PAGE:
The illegal water trade in urban areas is driven by a shortage of water for all consumers. Industries are unable to access the water they need to operate, while many domestic consumers are serviced by water trucks that may only deliver once or twice a week. The need for more water has led to a booming illegal water trade that both undermines and capitalises on dysfunctional public water systems. Ageing and unmaintained infrastructure is contributing to a considerable loss of water in cities. Public utilities do not have the capital to maintain or extend these systems to cater to growing demand. Consumers, meanwhile, are forced to pay exorbitant prices to access clean water. This is a significant missed opportunity for Pakistan. The illegal siphoning of and trade in water has created a system of water economics which, if controlled by official utilities, could both manage water demand and provide the capital required to service and maintain infrastructure.       

Population, Poverty and Urban Growth

Incidences of protests, inter-community conflict and social unrest linked to water scarcity are increasing across Pakistan. As noted above, the acute water scarcity in Karachi is creating tension within the community and has led to a booming illegal water trade. The city has experienced a population growth rate of 80 per cent between 2000 and 2010, according to The Wilson Centre, and must now manage a population exceeding 22 million people. The city faces a water shortage of almost 1.9 gigalitres per day, while more than one-third of the city’s water is lost through poor infrastructure and water theft.

Pakistan’s urban population is predicted to grow at approximately three per cent per annum, rising to over half the country’s population by 2025. This growth will bring with it a number of challenges for which Pakistan, under a business-as-usual scenario, will not be prepared. Basic services and systems are already grossly underdeveloped in the major cities and urban growth will exacerbate those shortfalls. WaterAid estimates that more than 15.3 million people currently do not have access to safe water and that over 93 million people, more than half of Pakistan’s population, lack access to adequate sanitation.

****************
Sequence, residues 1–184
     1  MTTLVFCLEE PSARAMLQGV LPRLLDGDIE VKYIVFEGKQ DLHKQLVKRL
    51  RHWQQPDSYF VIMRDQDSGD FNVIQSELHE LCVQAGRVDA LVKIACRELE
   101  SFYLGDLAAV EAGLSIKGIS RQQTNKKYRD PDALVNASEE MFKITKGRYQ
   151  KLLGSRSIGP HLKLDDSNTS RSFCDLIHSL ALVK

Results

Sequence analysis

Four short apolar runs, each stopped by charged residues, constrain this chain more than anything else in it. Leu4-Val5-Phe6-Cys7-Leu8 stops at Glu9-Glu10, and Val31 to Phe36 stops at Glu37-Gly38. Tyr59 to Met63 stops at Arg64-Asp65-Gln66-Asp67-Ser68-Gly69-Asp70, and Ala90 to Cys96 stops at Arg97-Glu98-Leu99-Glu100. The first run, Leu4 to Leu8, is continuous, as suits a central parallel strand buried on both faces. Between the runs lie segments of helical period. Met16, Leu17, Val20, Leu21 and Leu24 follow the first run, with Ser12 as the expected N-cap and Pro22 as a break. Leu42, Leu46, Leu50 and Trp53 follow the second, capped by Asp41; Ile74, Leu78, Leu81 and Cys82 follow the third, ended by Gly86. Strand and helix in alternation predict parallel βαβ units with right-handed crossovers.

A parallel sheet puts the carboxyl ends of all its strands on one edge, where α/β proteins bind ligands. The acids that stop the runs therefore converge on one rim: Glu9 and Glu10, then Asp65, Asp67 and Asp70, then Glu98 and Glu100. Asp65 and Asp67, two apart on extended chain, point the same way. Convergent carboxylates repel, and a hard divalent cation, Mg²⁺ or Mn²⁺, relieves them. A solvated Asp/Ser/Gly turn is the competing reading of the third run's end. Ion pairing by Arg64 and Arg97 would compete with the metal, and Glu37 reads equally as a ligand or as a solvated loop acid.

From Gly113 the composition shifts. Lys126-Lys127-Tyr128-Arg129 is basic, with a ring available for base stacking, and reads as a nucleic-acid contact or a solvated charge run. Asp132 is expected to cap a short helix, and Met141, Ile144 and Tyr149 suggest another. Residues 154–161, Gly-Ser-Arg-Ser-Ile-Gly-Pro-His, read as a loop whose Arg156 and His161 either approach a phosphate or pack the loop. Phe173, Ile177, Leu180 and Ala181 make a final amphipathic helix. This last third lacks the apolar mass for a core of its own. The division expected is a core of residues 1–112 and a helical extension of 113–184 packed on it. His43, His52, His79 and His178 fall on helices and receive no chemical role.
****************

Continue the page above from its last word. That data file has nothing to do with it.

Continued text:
The trend of horizontal expansion places further pressure on provincial governments to ensure that service provisions are adequate for these populations. As one government report describes, Pakistan accommodates 6,000 people in one square kilometre of urban space. Dubai, in comparison, has vertically expanded and accommodates 200,000 people in the same area. The growth of “katchi abadis” (slums) in Pakistan’s cities increases the water insecurity of their inhabitants. Many of these slums lack basic potable water access and sewerage facilities. These communities are often dependent on private water vendors who charge exorbitant amounts for clean water.

Polluted ground and surface water leave residents with little choice but to pay the high cost for clean water or risk disease from unimproved water sources. Waterborne infections account for 70 per cent of all common diseases contracted by Pakistanis. Ill-health related to waterborne diseases has a direct impact upon Pakistan’s labour force and, therefore, its economic potential.   

Poverty, overpopulation, severe water shortages, a lack of access to basic amenities, growing pollution and an increasingly youthful population with limited work opportunities, is a future that Pakistan will have to face if urgent action is not taken to address these challenges.

Urbanisation, Agriculture and Water Security

Ninety-five per cent of Pakistan’s available water is allocated to rural areas for agriculture. The sector contributes approximately 24 per cent to the country’s GDP and close to fifty per cent of the population is dependent on agriculture for their livelihoods. Agriculture and rural populations are linked to the country’s water security and urbanising cities in two ways. Rising water scarcity is, in part, responsible for the current rural-urban migration trend. Rapid surface and groundwater loss, increased water pollution and an increasingly variable climate are pushing rural populations to migrate to urban areas in search of work and greater opportunities.

Growing urbanisation, conversely, is reducing the rural workforce and, in the long term, potentially reducing the country’s agricultural productivity. According to a report from the IUCN and Government of Pakistan, 70 per cent of the country’s foreign exchange is earned through agriculture. Pakistan must manage the growth in its urban centres while addressing ongoing food security challenges with a reduced rural workforce. Failure to do so will lead to significant economic losses and a rise in the number of food-insecure people – all in a country already troubled by high levels of malnutrition and food insecurity.